First published on Cleveland.com
on January 01, 2014 at 6:00 AM, updated January 01, 2014 at 4:56 PM
CLEVELAND, Ohio — Joseph’s Home gives homeless men with acute medical problems a place to stabilize by giving them shelter, often for months at a time.
For Wendell Kimbrough though, the agency’s saving grace happened in a matter of hours.
“The day they accepted me, if I hadn’t gone there, I would have been on the street and died,” Kimbrough, 62, said recently at the Cleveland apartment where he now lives.
Joseph’s Home, located in a former convent near St. Vincent Charity Medical Center, as well as Family Promise of Greater Cleveland in Cleveland’s Mount Pleasant neighborhood, supply refuge to people who otherwise might be forced to sleep in chilly cars, along bleak freeways or on a friend’s cramped couch because they lack one of the most basic human needs.
Family Promise serves a different niche than Joseph’s Home in the homeless world — families with children.
Latasha Burrell was working as a housekeeper in Detroit in 2012 when bills and late fees spun out of control. She was on the verge of eviction, and shelters in Detroit turned her away because she had five children.
She took her search for help to the Internet. She was desperate. Then she hooked up with Family Promise.
The agency and Joseph’s Home offer homelike settings — private rooms and small apartments — in contrast to the noise, chaos and crowded quarters common to homeless shelters. They are among 20 nonprofits chosen by readers of the Northeast Ohio Media Group to receive money from its Good News Giving holiday charity drive.
To make a secure donation, go to cleveland.com/goodnewsgiving or use the contribution form printed in The Plain Dealer. The 20 nonprofits, as well as 30 other agencies, also get free advertising in The Plain Dealer, Sun News and on Cleveland.com.
The living room of the apartment where Kimbrough moved in June 2012 overlooks the Shops at Church Square at Euclid Avenue and East 79th Street. From a narrow balcony he can point out the turret of the James A. Garfield Monument at Lake View Cemetery and a bell tower on Euclid Avenue, still standing after demolition of St. Agnes Church.
Urban studies is an interest of Kimbrough. He has taken classes in the field at Cuyahoga Community College. It is one of the ways, along with getting his own apartment, in which Kimbrough has found a degree of self-sufficiency after near-fatal medical problems left him with no place to go.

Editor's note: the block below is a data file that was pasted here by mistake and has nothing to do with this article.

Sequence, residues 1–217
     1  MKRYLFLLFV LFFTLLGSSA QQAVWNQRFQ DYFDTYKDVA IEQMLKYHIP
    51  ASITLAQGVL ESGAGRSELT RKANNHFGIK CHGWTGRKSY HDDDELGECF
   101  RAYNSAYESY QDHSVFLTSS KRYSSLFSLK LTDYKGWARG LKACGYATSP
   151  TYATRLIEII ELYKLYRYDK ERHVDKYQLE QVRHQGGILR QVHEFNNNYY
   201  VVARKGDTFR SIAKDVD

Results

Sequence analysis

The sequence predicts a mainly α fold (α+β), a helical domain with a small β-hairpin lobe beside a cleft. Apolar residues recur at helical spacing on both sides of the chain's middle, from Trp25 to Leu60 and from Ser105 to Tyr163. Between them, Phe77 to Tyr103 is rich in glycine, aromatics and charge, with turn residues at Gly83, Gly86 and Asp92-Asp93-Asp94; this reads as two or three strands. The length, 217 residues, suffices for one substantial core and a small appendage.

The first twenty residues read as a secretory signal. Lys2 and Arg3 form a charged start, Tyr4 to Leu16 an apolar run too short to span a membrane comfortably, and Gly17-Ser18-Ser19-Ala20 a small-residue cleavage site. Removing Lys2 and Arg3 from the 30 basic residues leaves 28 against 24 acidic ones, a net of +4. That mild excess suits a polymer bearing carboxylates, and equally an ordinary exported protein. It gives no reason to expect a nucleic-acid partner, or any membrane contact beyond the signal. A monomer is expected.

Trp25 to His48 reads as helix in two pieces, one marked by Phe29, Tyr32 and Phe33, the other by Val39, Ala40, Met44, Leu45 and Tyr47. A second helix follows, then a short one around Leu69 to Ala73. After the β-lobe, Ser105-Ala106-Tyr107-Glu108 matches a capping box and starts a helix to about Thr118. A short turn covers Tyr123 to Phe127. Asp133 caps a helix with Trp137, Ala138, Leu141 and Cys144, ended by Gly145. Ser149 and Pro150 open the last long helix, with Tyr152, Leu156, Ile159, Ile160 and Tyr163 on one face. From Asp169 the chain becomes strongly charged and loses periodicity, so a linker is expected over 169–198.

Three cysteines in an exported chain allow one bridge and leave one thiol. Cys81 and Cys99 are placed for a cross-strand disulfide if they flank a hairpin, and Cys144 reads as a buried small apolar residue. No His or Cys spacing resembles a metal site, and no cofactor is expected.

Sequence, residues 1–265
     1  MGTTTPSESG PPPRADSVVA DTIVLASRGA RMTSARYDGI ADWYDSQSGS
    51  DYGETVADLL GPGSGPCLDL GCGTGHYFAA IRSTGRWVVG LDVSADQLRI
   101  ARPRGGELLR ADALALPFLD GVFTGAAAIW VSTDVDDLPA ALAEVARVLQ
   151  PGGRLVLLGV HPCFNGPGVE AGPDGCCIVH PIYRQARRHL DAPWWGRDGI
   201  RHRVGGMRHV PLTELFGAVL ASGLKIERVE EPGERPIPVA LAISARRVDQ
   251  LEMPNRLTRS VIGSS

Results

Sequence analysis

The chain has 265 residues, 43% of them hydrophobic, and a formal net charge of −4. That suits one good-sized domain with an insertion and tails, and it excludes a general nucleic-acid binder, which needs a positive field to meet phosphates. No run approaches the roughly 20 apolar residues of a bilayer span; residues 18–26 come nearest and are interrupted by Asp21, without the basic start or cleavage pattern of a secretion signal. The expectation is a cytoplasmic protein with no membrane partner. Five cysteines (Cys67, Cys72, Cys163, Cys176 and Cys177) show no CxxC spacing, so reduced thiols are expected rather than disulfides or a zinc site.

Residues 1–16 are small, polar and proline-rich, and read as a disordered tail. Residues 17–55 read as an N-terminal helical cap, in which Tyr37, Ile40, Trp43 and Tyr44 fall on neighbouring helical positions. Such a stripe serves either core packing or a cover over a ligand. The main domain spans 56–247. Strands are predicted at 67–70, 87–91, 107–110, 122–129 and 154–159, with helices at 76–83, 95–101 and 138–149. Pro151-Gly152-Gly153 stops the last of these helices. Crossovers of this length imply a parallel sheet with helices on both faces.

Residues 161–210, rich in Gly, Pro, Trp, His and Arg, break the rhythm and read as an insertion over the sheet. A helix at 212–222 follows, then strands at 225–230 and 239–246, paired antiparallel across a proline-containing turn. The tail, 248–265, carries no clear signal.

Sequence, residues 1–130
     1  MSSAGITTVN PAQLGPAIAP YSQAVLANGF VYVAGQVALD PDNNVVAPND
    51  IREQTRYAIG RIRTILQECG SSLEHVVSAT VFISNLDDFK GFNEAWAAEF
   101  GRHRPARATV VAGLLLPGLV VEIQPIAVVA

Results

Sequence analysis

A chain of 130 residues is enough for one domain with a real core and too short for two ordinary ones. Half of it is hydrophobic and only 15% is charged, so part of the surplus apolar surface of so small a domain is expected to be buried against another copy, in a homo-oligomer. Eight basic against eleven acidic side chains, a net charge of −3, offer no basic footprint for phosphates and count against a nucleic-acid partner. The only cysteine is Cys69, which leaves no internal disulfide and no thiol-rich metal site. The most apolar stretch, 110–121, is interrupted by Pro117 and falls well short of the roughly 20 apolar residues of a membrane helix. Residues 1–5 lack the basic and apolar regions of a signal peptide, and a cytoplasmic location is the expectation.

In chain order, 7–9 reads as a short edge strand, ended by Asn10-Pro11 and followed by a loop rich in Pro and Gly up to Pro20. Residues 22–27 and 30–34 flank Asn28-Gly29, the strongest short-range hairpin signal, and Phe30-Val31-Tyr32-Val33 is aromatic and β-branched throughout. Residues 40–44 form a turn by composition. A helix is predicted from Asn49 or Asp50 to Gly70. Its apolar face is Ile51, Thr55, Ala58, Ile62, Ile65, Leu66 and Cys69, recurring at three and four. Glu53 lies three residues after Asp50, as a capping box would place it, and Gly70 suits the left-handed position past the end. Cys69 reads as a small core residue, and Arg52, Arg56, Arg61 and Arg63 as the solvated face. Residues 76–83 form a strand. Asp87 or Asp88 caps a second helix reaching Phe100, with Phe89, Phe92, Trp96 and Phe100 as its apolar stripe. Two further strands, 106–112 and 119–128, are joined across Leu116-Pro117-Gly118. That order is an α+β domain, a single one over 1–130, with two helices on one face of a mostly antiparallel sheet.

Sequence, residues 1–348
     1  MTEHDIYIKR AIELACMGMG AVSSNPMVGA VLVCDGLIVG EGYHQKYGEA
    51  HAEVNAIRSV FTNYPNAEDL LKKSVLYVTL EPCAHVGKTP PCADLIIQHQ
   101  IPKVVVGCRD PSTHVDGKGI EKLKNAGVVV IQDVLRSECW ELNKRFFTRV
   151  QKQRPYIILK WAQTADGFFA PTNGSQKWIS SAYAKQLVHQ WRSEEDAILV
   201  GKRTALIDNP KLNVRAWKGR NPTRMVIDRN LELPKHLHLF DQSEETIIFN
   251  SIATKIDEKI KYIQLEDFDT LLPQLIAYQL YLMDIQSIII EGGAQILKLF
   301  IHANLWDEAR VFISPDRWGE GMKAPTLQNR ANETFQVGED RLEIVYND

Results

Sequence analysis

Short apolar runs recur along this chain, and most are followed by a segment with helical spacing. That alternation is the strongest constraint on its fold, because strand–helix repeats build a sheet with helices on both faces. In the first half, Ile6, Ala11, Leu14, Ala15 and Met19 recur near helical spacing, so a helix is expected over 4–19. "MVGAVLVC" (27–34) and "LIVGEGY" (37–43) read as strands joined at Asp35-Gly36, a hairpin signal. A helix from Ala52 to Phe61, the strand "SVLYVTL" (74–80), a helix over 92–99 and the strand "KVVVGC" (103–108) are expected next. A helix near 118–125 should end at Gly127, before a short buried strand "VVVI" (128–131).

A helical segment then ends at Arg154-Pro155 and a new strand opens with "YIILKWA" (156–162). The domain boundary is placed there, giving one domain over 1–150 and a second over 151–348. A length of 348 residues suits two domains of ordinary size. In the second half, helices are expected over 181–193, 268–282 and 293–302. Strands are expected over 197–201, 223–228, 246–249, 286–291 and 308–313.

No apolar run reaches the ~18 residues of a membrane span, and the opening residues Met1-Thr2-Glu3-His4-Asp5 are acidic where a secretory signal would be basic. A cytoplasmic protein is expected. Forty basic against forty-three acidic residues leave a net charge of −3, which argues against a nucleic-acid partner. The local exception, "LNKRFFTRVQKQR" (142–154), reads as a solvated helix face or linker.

In a peach-colored sweater, Cleveland Browns cap and with a ready smile, Kimbrough doesn’t dwell on his medical condition. But he has no hips and is mostly confined to a wheelchair.
Multiple failed hip replacements left Kimbrough’s finances in tatters in 2011. He lost his apartment and was sleeping at the home of an acquaintance and in bus stations. Then a space opened at the 11-bed Joseph’s Home. The day Kimbrough arrived he collapsed from an intestinal hemorrhage.
“I bled out. I was cold to the touch,” Kimbrough said. As he recalls the day, he struggles to retain his composure. Yet, the emotion he shows is out of gratitude.
“The holy ghost came out of nowhere and warmed my heart and soul until the paramedics got there,” he said.
Joseph’s Home Executive Director Georgette Jackson said the nonprofit is serving significantly sicker men than a few years ago, perhaps because of a growing population without health insurance.
“We’ve seen people with up to seven or eight different medical problems going on,” she said.
Besides acute medical conditions, job loss can leave people without a roof over their heads. Foreclosure, lack of health insurance and low wages also push people on the street, say agencies that serve the homeless.